Rajasthan has been receiving rains in terms of rain and hailstorm activities during the pre-monsoon season.
The first week of June seems to be rainy for many parts of Rajasthan as well as parts of northwest Madhya Pradesh. A western disturbance will be impacting Western Himalayas and induced cyclonic circulation will be over Pakistan and adjoining parts of West Rajasthan.
Moreover, humid winds from the Arabian Sea will be feeding moisture over the area. These multiple weather systems will be responsible for rain and thundershower activities over many parts of Rajasthan until June 4th.
The intensity of rain will be more on June 4th and 5th. Rain will be over many parts of the state except Southern districts. The intensity of rain will reduce significantly thereafter.
West Madhya Pradesh will receive rain on the fourth and fifth of June but intensity will be comparatively less than in Rajasthan. Southwest and East Madhya Pradesh will remain almost dry.
The temperature will start increasing over both states from June 6th onward heat wave will not make a comeback for at least the next 2 to 3 days.
Southwest monsoon has not kept its date over mainland Kerala, this season. It has overshot its scheduled date of 01st June and is lingering over the Bay of Bengal Islands.
The next stop over Kerala will happen only in the next week. The onset of the Southwest Monsoon over Kerala has stringent criteria. It is a combination of winds, clouds and rainfall over specified areas over the equatorial Indian Ocean, Lakshadweep Islands, the state of Kerala and coastal Karnataka.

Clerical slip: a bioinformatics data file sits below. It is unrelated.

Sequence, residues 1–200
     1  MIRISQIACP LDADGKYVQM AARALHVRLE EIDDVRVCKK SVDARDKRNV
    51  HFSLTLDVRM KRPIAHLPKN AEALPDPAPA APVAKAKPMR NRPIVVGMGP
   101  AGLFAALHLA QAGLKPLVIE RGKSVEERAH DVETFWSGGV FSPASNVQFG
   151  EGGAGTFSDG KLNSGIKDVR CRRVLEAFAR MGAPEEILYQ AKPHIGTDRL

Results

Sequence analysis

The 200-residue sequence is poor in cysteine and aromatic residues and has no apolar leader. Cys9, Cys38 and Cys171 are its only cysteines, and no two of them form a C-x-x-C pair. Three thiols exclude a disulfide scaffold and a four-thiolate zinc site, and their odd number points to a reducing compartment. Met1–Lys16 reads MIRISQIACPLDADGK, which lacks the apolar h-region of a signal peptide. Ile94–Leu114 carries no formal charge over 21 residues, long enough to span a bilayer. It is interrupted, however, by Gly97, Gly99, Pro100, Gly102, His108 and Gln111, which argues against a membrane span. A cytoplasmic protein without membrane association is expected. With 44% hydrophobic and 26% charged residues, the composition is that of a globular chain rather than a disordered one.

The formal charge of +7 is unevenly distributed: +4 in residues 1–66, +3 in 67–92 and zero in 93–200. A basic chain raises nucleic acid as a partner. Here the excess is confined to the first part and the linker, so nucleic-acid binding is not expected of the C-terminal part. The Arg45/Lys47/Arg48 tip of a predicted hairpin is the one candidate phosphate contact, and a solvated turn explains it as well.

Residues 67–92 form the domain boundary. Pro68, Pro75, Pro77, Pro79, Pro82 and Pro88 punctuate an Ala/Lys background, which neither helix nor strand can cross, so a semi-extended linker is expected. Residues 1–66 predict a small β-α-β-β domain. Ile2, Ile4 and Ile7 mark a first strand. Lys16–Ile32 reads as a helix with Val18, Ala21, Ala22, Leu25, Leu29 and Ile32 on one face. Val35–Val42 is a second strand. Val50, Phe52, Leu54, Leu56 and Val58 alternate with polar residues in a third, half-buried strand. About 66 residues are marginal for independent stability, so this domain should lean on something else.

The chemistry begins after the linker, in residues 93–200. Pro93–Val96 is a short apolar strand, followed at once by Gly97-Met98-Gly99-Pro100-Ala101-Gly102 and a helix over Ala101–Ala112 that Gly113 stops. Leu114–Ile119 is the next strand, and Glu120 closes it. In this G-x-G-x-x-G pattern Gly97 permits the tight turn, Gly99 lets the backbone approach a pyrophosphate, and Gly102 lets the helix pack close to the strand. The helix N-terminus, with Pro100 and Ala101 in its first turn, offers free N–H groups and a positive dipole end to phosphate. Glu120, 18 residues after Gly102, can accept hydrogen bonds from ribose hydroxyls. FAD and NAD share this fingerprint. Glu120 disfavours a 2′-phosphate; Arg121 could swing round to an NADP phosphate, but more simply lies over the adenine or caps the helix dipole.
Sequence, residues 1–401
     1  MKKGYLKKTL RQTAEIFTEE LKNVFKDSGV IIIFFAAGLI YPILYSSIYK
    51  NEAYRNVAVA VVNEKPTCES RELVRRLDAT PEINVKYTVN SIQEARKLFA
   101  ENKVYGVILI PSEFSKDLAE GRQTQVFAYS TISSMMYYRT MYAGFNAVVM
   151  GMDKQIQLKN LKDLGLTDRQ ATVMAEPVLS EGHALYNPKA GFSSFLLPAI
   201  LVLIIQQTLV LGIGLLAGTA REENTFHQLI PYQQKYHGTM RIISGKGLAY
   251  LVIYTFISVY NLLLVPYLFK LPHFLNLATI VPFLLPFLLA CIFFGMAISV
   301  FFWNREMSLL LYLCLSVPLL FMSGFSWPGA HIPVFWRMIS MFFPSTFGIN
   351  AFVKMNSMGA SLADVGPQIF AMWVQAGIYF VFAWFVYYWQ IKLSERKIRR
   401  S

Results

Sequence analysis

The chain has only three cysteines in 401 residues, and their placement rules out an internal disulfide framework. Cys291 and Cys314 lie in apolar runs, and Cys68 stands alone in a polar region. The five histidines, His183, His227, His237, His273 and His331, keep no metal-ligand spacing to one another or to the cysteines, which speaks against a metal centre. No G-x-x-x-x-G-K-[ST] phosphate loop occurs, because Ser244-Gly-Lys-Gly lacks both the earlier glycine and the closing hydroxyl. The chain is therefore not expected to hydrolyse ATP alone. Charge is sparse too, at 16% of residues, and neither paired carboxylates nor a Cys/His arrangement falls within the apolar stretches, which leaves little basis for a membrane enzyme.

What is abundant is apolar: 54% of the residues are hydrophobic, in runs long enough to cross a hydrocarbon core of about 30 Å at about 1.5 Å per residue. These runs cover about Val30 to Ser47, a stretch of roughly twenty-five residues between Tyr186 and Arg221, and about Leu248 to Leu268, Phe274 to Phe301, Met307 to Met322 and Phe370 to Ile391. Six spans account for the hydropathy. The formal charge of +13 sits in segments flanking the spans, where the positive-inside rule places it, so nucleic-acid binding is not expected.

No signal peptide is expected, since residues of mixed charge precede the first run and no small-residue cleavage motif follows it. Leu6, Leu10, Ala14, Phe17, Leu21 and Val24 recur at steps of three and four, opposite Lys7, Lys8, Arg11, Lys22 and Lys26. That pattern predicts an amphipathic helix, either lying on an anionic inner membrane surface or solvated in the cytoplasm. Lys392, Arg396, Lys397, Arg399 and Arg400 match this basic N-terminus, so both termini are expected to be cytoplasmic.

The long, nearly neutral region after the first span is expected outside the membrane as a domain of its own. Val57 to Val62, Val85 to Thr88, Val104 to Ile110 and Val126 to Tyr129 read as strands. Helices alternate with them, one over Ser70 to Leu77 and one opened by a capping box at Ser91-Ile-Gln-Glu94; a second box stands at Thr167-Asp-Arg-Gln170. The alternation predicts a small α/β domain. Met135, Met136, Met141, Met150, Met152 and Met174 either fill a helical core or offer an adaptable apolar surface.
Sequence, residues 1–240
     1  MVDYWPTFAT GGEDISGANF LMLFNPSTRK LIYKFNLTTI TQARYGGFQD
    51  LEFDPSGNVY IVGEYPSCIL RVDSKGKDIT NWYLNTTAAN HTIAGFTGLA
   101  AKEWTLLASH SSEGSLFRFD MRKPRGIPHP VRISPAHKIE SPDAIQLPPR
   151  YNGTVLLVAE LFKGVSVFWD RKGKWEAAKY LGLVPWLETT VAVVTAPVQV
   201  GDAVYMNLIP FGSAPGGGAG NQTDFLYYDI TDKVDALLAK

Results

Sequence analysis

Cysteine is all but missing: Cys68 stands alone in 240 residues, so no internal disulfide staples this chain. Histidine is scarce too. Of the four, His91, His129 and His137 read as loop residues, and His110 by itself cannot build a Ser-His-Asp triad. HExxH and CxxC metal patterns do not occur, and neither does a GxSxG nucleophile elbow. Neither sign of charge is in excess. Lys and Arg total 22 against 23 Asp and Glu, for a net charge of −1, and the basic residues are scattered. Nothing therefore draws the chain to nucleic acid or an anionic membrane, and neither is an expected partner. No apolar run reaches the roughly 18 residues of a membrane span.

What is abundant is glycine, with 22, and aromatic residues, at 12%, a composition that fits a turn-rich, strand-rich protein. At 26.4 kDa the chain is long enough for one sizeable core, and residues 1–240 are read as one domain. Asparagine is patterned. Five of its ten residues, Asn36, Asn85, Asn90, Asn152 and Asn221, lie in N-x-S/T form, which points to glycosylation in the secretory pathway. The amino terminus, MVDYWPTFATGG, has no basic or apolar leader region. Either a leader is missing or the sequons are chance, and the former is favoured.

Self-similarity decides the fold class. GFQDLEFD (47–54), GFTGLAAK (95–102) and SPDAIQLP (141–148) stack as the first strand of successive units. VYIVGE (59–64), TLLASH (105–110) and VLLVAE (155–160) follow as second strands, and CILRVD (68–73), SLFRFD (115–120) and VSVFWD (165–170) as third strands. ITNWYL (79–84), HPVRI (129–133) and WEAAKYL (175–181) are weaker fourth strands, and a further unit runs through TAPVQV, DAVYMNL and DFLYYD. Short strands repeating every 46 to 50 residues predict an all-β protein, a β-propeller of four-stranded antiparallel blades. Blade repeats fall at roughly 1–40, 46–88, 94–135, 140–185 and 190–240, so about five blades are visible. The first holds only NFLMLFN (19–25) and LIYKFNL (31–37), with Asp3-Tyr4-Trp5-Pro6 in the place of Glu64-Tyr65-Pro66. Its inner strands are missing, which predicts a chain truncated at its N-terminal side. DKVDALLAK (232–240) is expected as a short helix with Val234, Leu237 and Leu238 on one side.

The onset of monsoon over the various parts is depicted by the Northern Limit of Monsoon (NLM). The first burst of monsoon over the mainland mostly covers a major portion of Kerala, nearly half of Tamil Nadu, central & northeast BoB and stopping short of the northeastern states of Nagaland, Manipur, Mizoram and Tripura.
As per normal dates, the monsoon reaches Mumbai and Kolkata between the 10th and 12th of June. The monsoon arrival date for Delhi has now been revised to 27th June from its earlier landing on 29th June.
Delhi and suburbs witnessed yet another round of thunderstorm, lightening, strong winds and Moderate to heavy rains.
Delhiites can expect more showers till Friday, the 2nd June. Thereafter, the weather activity will be sparse and short lived too. Larger clearance is expected from 08th June onward.
Day and night temperatures have been persistently hovering below the normal for the last one week. Maximum and minimum temperature remained confined to about 35°C and 20°C, both about 5-6°C below the normal.
No heat wave conditions were observed at the record observatory. Last year, the capital city had breached 40°C mark on 20 days and the highest maximum exceeded 45°C.
Mercury will start rising from 3rd June onward but unlikely to exceed 40°C for the next 7 days. Rains are going to be far and few between 03rd and 10th June.